The National Library has ambitious plans for the next three years, starting with adding 15 branches throughout the emirate.
Library plans new network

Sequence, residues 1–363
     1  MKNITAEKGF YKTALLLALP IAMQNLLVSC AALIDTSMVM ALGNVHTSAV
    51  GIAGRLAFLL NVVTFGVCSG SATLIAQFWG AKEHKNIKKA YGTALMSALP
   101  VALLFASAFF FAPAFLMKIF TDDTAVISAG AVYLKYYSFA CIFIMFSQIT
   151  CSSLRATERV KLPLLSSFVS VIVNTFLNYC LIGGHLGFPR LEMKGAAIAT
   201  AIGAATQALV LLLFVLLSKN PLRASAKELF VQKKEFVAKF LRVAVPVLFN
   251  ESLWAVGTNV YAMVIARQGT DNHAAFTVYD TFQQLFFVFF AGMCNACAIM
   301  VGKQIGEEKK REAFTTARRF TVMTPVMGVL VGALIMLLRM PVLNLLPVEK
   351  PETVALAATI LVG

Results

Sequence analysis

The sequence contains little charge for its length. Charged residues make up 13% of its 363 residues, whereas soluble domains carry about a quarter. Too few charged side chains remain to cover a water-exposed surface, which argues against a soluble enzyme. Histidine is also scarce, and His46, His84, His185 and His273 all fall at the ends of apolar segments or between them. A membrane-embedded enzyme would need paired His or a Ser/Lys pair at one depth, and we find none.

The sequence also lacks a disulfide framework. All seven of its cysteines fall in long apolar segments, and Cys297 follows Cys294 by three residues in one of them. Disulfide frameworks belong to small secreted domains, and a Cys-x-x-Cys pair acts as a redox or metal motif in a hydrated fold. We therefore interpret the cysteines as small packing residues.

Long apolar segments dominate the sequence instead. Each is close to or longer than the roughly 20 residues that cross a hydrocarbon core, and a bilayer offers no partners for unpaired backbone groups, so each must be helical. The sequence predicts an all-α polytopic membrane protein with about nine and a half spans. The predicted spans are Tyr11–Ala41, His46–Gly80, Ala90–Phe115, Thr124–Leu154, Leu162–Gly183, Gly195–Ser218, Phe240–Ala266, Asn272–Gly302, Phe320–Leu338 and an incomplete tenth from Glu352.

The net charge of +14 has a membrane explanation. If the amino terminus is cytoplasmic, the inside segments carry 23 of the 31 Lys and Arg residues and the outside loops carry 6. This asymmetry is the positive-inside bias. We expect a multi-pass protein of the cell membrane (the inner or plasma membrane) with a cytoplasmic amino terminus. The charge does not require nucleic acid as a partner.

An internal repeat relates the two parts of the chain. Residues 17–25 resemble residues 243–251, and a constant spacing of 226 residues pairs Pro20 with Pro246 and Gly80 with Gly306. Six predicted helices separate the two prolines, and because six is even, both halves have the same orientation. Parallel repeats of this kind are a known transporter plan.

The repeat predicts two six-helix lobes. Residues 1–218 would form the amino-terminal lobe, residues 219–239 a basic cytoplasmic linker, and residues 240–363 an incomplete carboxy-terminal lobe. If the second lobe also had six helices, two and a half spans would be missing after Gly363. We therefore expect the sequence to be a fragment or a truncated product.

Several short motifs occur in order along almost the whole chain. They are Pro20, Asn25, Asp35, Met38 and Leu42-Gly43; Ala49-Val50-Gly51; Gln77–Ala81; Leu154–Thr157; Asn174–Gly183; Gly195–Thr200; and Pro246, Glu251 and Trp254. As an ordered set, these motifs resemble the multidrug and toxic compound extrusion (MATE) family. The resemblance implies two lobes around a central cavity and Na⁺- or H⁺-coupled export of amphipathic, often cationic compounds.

ABU DHABI // To help foster a "reading culture", the emirate's only public library plans to open 15 new branches. It is even thinking about putting some in shopping malls. David Hirsch, the chief librarian at the National Library in the capital, said the first of the branches could open as soon as next year. Others in outlying areas such as Al Gharbia and Al Ain may be built by 2012. Booklovers may even be lent books from branches in shopping malls, Mr Hirsch said. "We want books to be where the people are and we were thinking, where do people go here? "Well, they go to malls, so we're thinking of having small branches in the malls where people can come and pick up books and maybe some videos or other content." He added that a prison library programme was also in the works, as well as a new fleet of "bookmobiles" for bringing libraries to rural areas. "A bookmobile is like the size of a bus and you have books in it, you have a librarian in it, and you go around to less-populated areas where there's really no need for a whole library. "You want people to have access to books, so you go and spend a few hours here and a few hours there. We want to create a reading culture and library culture here." He added that the National Library, which opened in 1984 at the Cultural Foundation, is aiming to become a "world-class and hi-tech" facility. A new main library would also probably be opened in Khalifa City A or B, he said, but could not give a date. The National Library currently houses more than two million volumes - among them hundreds of rare editions, some 400,000 Arabic and foreign-language titles and a collection of hand-written manuscripts dating from the 10th century. Mr Hirsch, who has been overseeing the emirate's library operations since January, said the upcoming expansion was part of a campaign to attract the only thing the library really lacks: more readers. "Our library is definitely, I would say, an underutilised treasure. It's well-hidden, it's like a well-kept secret. We want to raise the profile because it's going to become a world-class library." He also said the institution wanted to entice younger bookworms, such as Akhile Nair, 13. The eighth grader, who attends Sherwood Academy, makes weekly trips to the library to satisfy her appetite for mystery and horror novels. I'm always here looking for something to read," she said, but acknowledged her friends were not as interested in reading. "Some are interested, of course, but a lot of people might stay on the computer or watch TV or go to the cinema." Last year, the National Library had 135,000 visitors - nearly a third of them children. There are currently about 8,000 library card holders. "That's a good number, but we want more," Mr Hirsch said. "A library should be more than just a place where you sit and say, 'Shh'!" Hirsch stressed that any new library facility would accommodate people with special needs, including blind readers. Last week, he flew to Sweden to study their use of radio-frequency identification technology, which would allow blind people to preview books and audiobooks. "One of the libraries in Sweden had invented a new device which can read the titles and names of the authors and a summary of the book," he said. "You pass a little wand over it, and a voice reads the title and author and summary, and that allows you to decide whether or not you want to hear the whole book." firstname.lastname@example.org